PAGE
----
Communication is always the secret to effective safety in any worksite. While words themselves – written or spoken – do not necessarily cause incidents or injuries directly, a lack of effective communication can certainly lead to such problems if not handled and addressed in an effective manner.

Communication is so important, there is an OSHA standard regarding it, called the HazCom, or hazard communications standard which all workplaces must employ due diligence to meet. For years, the standard was developed only as an admonition for workplaces to employ communication strategies and tactics  so that all enployees are made aware of risks and safety protocols while on the worksite.

[Image courtesy of Flickr user Sebastien Wiertz via a Creative Commons license]

[Image courtesy of Flickr user Sebastien Wiertz via a Creative Commons license]

Before 2012, companies were showing due diligence to communicate by offering safety trainings and posting signs and other safety mechanisms around the worksite.

But when the HazCom standard was re-written in 2012, communication has gone to another level. Now it’s not enough to post signage – now employers are expected to ensure that their workers understand what they are reading and hearing when it comes to safety.

As with most communication, it is a two-way street. It takes a message going from a sender to a recipient. And the message, to be effectively communicated, must be understood by the recipient more than by the sender. This means that the message must fit the audience which needs to understand the message.

In the November 2015 issue of Professional Safety magazine, Dr. Carolyn Kusbit Dunn wrote an article about the importance of taking employees from just being aware of safety protocols to actually understanding them. The key, she wrote, was to understand the audience and thus craft safety messaging in a way that can be understood by the greatest number of people. The best way she describes to achieve this is through what is called the Markel Model. Here are the steps.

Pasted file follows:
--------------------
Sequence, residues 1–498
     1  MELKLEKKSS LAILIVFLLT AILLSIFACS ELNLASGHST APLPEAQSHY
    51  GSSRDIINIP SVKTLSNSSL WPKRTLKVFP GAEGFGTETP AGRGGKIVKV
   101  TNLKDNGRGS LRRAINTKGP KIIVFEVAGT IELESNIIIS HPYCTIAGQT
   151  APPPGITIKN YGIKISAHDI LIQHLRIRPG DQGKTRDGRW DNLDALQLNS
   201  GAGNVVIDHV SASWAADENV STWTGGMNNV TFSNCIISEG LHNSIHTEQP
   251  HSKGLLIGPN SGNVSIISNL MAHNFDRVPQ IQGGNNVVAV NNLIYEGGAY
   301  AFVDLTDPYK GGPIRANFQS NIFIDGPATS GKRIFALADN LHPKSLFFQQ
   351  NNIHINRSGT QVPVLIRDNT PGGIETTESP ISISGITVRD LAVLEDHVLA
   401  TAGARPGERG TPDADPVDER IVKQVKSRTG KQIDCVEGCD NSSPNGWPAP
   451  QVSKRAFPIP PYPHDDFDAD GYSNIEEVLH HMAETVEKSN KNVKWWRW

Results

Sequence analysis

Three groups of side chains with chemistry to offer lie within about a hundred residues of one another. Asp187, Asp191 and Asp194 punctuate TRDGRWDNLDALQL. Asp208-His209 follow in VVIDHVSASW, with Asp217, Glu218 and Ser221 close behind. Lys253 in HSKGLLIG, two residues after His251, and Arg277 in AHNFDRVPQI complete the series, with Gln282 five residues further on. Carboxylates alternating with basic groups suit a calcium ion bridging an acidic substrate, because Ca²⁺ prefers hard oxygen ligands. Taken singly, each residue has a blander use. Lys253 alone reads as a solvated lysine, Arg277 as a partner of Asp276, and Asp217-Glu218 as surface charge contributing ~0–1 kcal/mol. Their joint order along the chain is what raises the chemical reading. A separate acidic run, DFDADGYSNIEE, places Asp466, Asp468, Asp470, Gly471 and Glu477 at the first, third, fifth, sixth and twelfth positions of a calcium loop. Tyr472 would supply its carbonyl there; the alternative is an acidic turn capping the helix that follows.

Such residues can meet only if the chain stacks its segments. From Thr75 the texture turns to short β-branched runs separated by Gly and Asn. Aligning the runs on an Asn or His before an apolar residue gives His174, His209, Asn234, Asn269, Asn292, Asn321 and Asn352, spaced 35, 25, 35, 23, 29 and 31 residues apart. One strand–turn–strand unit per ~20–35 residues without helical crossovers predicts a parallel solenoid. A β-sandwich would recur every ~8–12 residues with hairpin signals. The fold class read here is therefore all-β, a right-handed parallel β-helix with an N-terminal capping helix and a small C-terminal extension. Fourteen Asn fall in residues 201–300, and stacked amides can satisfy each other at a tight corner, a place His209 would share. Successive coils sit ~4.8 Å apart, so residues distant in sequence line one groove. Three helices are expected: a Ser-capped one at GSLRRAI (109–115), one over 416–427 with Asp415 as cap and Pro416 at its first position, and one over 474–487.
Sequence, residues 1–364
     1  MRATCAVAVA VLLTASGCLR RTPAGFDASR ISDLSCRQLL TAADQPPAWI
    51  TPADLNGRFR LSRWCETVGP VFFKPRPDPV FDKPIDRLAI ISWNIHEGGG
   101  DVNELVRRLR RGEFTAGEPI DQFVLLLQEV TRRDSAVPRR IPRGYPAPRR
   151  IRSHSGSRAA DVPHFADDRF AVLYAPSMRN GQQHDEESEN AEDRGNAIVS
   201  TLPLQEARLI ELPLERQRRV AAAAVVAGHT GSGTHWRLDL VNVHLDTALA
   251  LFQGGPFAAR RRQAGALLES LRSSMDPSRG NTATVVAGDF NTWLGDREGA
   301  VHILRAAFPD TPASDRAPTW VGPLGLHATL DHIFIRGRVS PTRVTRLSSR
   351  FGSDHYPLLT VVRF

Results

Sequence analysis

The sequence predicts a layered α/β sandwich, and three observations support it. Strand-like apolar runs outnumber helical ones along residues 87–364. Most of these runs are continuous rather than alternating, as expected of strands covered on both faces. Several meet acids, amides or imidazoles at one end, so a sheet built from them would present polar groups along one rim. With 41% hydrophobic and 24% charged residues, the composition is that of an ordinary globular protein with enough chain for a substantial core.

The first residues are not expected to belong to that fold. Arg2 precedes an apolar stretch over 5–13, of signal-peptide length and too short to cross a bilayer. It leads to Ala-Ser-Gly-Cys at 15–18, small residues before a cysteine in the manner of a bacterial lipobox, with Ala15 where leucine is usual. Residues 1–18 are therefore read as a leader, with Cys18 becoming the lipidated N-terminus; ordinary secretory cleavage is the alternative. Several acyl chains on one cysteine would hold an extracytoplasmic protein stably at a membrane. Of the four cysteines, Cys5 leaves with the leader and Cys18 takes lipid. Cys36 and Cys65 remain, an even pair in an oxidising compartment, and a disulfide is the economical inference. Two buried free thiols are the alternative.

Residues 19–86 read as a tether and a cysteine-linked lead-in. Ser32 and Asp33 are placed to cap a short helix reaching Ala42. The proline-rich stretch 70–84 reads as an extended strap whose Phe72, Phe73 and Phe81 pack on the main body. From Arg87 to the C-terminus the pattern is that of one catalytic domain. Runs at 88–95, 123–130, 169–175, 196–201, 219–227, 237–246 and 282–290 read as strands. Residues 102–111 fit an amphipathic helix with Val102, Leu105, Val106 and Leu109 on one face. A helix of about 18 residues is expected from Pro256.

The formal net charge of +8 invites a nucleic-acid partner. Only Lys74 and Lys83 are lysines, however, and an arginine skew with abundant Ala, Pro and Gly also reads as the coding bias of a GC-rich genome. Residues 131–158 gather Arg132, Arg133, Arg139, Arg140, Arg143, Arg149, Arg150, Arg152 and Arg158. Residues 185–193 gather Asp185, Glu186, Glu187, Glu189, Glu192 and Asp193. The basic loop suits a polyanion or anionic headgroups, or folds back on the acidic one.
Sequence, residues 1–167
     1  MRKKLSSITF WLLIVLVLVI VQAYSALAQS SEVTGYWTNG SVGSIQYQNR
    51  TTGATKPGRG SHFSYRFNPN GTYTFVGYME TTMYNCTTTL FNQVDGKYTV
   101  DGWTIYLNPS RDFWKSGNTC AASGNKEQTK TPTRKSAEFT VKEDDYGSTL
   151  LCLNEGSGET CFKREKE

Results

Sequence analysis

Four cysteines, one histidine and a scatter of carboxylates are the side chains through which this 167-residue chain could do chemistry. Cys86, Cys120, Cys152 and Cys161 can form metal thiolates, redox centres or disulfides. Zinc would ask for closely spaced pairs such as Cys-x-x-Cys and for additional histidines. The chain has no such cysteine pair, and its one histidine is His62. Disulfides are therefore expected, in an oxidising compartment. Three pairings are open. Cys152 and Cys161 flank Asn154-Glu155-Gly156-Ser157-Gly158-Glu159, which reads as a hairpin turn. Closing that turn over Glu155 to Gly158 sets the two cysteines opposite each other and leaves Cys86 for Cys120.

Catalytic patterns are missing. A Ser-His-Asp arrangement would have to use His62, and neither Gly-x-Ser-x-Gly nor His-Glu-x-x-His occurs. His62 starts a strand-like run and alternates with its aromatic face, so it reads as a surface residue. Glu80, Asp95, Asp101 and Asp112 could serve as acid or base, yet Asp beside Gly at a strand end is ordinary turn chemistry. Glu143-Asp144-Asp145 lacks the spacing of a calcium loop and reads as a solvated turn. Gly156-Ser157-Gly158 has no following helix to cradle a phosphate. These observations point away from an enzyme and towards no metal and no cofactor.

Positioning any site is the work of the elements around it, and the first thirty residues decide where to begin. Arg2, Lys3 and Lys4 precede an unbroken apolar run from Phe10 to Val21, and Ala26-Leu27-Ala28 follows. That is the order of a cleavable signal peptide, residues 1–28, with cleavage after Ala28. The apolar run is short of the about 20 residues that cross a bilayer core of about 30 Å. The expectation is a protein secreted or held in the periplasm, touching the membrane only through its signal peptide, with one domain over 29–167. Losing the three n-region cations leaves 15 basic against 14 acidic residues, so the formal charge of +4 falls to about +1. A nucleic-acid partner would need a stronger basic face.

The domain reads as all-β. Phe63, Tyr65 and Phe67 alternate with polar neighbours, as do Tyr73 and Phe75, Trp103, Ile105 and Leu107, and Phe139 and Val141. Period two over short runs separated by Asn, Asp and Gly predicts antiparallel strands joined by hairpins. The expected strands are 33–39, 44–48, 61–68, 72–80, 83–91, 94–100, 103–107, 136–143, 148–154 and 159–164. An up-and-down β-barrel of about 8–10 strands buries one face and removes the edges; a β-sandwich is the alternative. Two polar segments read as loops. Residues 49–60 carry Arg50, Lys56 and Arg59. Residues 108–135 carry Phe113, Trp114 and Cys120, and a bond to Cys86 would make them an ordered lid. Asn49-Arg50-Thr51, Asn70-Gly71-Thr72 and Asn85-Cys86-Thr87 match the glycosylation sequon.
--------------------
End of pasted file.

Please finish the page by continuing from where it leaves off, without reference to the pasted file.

Audience ID

The very first step in the Markel Model is to identify the primary audience for your safety information. This means being as specific as you can; general safety information to everyone will not reach everyone in the audience the same way. For example, drill down and say you want to present new safety procedures for a specific piece of equipment, which only a few workers are certified to use; know the specific group of people and massage your safety training to fit that group.

Be at Their Level

The second step to developing the right messaging to your audience is to know the audience’s job responsibilities and experience with that job. If the group is working with equipment for a certain amount of time to be certified, you don’t have to “dumb down” your training below their competence or understanding; if they are all certified, you know they have a certain advanced level of training and competence, so you don’t need to insult them. Talk to them at their level; that respect will help them understand better because they will be more apt to listen and ask germane questions.

Attitude Aptitude

This is where employee engagement can be very important in the development of the safety content. This step involves understanding the attitude of the employees toward the information – do they find safety information helpful and useful, or do they see this as a waste of time and effort that adversely affects their productivity? Here, asking some employees to be involved in the creation of the content can help you understand  what employees think of the information, how they might use it, and how best to get their attention – employees can tell you better than anyone what information they would need and what information is irrelevant or unnecessary.

Know Competence

This part of the model takes a step back to basics in terms of knowing how to write and communicate the content. This involves asking the question about the audience’s reading comprehension and overall education level. Is your audience primarily native English speakers, or does it struggle with English as a second language? The formation of sentences and word choices play a big role here, as do the use of graphics (photos, drawings, etc.) and either audio or video to complement the written text you use.

What to Do With This?

The last step to consider is how the workers might or would use the information. Are you providing step-by-step instructions on a process? Then you might have to print out the steps in some kind of bound media or posted near the equipment or worksite so the worker can easily follow and refer to the steps as they work. Will this information need to be seen from a distance? Then you will need larger text on a sign. Will you need to use short words and phrases, or can you be more technical? Will the information be displayed outside among the elements, or will it be inside a warehouse or a smaller office space? Understanding the means by which the information will be disseminated will go a long way in determining how to best present the information so it is understood by all.